13 April 2020
The Problem With DIY Wills
It is thought that about 15% of wills have been prepared without professional help. Although a DIY will might save some money on solicitor fees, in practice this can turn out to be a false economy. Sometimes it is a disaster. The problem with DIY wills is that often they do not say what the person making the will means.
Clients often come to me asking for their homemade will to be checked, “just in case”. Once a client said he had “always thought there was something not right” about his will. He wasn’t wrong: when I read through it, it turned out that it missed out one of his grandchildren entirely. I prepared a new will which achieved what he wanted.
Unfortunately, and for obvious reasons, mistakes in wills are usually only uncovered when it is too late for the problem to be corrected.
There are a few common mistakes in DIY wills:
- Beneficiaries and assets are wrongly identified.
- No executors are appointed.
- The wills are not updated to take account of new circumstances, such as births, marriages, divorces and deaths.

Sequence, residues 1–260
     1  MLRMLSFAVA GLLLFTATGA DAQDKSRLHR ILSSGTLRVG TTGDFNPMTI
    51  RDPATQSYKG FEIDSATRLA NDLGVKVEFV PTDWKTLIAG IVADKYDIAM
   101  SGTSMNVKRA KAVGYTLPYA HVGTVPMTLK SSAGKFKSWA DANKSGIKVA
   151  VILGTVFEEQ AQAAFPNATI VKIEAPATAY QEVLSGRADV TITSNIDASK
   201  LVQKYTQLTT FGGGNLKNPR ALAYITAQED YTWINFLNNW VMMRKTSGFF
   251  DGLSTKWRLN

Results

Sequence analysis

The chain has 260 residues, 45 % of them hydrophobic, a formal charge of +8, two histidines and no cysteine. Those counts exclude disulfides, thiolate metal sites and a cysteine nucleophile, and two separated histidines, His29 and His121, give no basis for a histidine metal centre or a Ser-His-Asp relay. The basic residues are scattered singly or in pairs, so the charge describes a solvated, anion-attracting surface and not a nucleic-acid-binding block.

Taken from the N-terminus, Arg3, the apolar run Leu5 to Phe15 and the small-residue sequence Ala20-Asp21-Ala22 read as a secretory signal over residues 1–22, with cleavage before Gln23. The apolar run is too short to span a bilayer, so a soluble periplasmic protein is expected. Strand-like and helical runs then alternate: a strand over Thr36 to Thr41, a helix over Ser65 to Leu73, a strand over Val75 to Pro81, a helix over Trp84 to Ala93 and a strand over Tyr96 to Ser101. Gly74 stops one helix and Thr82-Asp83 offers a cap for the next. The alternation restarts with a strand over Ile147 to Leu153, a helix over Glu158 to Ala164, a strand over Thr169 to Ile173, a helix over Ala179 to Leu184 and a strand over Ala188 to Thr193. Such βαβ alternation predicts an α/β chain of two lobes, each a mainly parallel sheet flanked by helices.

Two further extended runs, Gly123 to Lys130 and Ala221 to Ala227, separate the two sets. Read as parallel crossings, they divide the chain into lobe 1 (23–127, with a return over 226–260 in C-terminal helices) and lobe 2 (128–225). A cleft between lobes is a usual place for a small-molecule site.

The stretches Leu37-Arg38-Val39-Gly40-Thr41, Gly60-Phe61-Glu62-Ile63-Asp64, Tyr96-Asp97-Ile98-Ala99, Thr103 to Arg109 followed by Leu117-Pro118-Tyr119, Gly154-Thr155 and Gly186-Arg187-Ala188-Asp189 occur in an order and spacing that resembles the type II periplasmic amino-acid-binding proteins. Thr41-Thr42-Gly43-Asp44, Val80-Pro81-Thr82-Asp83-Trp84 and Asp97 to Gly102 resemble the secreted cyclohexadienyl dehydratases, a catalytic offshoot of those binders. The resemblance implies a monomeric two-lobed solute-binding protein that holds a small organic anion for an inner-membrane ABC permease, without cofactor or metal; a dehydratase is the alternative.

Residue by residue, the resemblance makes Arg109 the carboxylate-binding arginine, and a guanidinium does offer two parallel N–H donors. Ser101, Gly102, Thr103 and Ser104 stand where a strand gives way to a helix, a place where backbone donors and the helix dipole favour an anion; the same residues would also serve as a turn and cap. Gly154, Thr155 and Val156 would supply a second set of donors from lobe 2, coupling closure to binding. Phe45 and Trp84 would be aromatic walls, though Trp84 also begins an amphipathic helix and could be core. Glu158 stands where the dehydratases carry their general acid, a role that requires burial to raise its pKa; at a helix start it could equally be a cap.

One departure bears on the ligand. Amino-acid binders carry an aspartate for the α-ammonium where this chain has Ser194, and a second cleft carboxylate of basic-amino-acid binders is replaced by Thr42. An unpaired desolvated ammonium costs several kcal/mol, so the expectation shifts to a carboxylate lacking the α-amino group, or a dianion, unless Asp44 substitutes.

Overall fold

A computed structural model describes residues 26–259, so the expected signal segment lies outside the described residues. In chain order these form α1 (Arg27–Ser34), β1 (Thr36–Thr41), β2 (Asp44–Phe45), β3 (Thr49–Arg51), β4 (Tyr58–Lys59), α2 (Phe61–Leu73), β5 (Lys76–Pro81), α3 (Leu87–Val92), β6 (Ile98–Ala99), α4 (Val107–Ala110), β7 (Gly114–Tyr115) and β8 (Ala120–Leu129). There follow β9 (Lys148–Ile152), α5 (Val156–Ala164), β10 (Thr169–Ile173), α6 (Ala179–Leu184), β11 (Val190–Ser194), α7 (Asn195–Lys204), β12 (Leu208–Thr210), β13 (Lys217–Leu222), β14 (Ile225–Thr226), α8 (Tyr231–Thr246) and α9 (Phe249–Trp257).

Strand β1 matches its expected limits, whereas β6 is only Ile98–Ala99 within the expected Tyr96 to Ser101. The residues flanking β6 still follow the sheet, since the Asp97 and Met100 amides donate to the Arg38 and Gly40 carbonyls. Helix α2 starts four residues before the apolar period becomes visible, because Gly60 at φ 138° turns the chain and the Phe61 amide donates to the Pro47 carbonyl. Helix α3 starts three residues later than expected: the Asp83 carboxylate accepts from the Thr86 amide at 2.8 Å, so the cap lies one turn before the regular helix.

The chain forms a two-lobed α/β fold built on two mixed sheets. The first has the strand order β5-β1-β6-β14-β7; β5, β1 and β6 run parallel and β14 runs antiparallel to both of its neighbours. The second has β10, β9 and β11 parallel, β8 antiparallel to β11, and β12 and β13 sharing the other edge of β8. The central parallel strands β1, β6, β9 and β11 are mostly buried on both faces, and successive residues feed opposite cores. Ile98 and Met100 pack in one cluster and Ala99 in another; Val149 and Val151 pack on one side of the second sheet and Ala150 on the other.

- A beneficiary under the will is a witness.
Any of these errors could mean the will is not valid. At the very least, it would not do what was intended.
What Happens If A Will Contains Mistakes?
If it will is invalid – for instance, because it is not witnessed properly – then it has no effect. It is as if it was never made. The result will be one of two things. Either the deceased is treated as having no will, and there is an intestacy. Or a previous will comes back into play.
There is some comfort, however, for beneficiaries of a will which did not achieve what was intended. It is possible – if all affected beneficiaries agree – to vary a will after death.
To avoid the problems caused by intestacy, and the time and expense involved in varying a will, it makes sense to have a well prepared properly in the first place.
To find out more about making a will, click here.
To find our more about tax planning and varying a will after death, client here.